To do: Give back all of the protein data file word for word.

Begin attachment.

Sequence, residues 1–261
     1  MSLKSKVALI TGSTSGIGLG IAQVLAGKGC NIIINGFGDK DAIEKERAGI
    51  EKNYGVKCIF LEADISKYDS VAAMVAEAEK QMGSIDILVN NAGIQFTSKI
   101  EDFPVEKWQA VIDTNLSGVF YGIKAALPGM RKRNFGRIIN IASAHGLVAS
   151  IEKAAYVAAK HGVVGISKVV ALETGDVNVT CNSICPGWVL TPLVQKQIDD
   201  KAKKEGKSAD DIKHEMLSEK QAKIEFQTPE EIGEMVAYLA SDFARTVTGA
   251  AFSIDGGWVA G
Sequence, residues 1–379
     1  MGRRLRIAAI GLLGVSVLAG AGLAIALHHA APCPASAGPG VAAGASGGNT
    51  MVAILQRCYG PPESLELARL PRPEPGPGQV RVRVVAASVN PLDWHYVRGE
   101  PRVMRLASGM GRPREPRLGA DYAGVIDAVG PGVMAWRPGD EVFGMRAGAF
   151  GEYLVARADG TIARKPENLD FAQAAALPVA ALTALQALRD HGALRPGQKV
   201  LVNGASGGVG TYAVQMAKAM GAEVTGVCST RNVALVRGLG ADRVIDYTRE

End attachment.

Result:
Sequence, residues 1–261
     1  MSLKSKVALI TGSTSGIGLG IAQVLAGKGC NIIINGFGDK DAIEKERAGI
    51  EKNYGVKCIF LEADISKYDS VAAMVAEAEK QMGSIDILVN NAGIQFTSKI
   101  EDFPVEKWQA VIDTNLSGVF YGIKAALPGM RKRNFGRIIN IASAHGLVAS
   151  IEKAAYVAAK HGVVGISKVV ALETGDVNVT CNSICPGWVL TPLVQKQIDD
   201  KAKKEGKSAD DIKHEMLSEK QAKIEFQTPE EIGEMVAYLA SDFARTVTGA
   251  AFSIDGGWVA G
Sequence, residues 1–379
     1  MGRRLRIAAI GLLGVSVLAG AGLAIALHHA APCPASAGPG VAAGASGGNT
    51  MVAILQRCYG PPESLELARL PRPEPGPGQV RVRVVAASVN PLDWHYVRGE
   101  PRVMRLASGM GRPREPRLGA DYAGVIDAVG PGVMAWRPGD EVFGMRAGAF
   151  GEYLVARADG TIARKPENLD FAQAAALPVA ALTALQALRD HGALRPGQKV
   201  LVNGASGGVG TYAVQMAKAM GAEVTGVCST RNVALVRGLG ADRVIDYTRE